And we’re committed to keeping UIHC one of the safest places in Iowa, but we do have one final ask for everyone. The improving circumstances in our state are because Iowans are doing their part practicing good safety habits such as maintaining social distancing, wearing masks, hand washing and sanitizing. I encourage each and every one of you to keep that up as we continue well into our recovery. Also remember healthcare is available when you need it in a safe environment. Don’t put off your essential healthcare. Please call your provider. Thank you again for all that you do. And thank you, Governor Reynolds.

Kim Reynolds: (14:23)
Thank you, Suresh. And thank you to all of you for joining me today and really sharing your experience and your innovative treatment and teams of healthcare providers that are making a difference for Iowans all across the state and especially in your area. And I love the 500 that have recovered. Those numbers are exciting and I completely concur with your final comment, Suresh. Iowans are doing a great job, and we need them to continue to do what they’re doing, and we’re going to continue to see the positive outcomes. And so we’re in this together and we just honestly appreciate so much all that you’re doing. Healthcare is both a science and an art and hearing about the compassion and care that you and your team and healthcare providers across the state have delivered to Iowans these last several months, it’s just been incredible. So keep up the good work and thank you for joining us today. I appreciate it very much. Thanks for your leadership and for the partnership. It’s very much appreciated.

Kim Reynolds: (15:20)
So yesterday I announced that the criteria for Test Iowa has been open to allow any Iowan to be tested regardless of symptoms or potential exposure to the virus. As of 8:00 a.m. this morning, nearly 1700 appointments were scheduled at sites across the state. For Iowans returning to work at restaurants and retail stores or other establishments that serve the public, this is a resource that you can use at any time to ensure your health and wellbeing. For healthcare workers, first responders and law enforcement who are at high risk of exposure at work, having the ability to be tested frequently is important. And for anyone who’s symptomatic or thinks that they may have been exposed, getting tested as soon as possible is critical whether it’s a Test Iowa site or through your own doctor. Increasing the number of Iowans tested is one of the best things that we can do for the overall health of our state.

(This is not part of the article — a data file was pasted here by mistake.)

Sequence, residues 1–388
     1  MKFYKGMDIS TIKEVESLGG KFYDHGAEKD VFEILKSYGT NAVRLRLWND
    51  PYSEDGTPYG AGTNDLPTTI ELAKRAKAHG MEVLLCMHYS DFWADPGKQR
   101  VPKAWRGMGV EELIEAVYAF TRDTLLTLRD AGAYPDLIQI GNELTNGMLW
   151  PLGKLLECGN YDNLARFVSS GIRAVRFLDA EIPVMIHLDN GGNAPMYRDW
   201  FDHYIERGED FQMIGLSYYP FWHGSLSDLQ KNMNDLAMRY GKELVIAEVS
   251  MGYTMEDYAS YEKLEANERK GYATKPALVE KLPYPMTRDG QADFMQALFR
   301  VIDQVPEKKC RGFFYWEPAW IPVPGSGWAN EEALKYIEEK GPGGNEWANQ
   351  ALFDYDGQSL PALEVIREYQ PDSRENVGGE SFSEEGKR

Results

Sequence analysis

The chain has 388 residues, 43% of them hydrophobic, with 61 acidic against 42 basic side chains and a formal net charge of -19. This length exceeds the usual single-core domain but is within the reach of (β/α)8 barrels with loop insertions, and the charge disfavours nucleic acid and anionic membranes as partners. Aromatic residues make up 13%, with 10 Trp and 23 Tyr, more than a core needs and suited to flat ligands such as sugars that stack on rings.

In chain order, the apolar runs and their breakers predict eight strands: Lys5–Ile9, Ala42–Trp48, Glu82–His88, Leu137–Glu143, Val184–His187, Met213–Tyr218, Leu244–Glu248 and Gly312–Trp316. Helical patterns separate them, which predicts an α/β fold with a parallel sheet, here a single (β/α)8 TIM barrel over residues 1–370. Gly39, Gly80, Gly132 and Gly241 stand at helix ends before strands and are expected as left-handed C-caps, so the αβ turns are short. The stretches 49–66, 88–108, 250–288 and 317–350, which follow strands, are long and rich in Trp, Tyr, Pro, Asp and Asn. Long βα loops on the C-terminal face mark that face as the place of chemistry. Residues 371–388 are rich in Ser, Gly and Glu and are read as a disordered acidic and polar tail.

Kim Reynolds: (16:15)
So if you’re interested in being tested, remember the first step is to complete an assessment on testiowa.com. Even if you’ve already taken an assessment, you’ll need to take it again or be sure and take it when you get the reminder if you’ve taken one before. Your health changes from day to day, and the information you provide tells us about your condition, and it might also identify other information that’s important for public health and may identify new trends that will help us continue to better understand the virus. Once you’ve completed the assessment, you’ll be prompted to schedule an appointment for at a test site near you. And remember that you have to have an appointment before you can get tested. Through information provided in the assessment, we’re also able to identify communities where a site could be beneficial. New test sites will be opening next week in Burlington, Council Bluffs, Marshalltown and Sioux Center. Test Iowa’s mobile testing model, it really does make it possible to quickly operationalize a temporary site in a community where virus activity is increasing or where access to testing is limited.

Kim Reynolds: (17:27)
Over time, when we see that the test volume decreases, sites are moved to other community where we see that there’s a need. The Sioux City site, which opened on May 4th, will close today when testing concludes at 6:00 p.m., but testing does remain available in the area through the local FQHC, which has provided a great share of the tests that have been conducted there already. And the new Test Iowa site in Sioux Center will also be an option. While life is beginning to feel more normal, we can’t forget that the virus still remains in our communities. We must continue to take-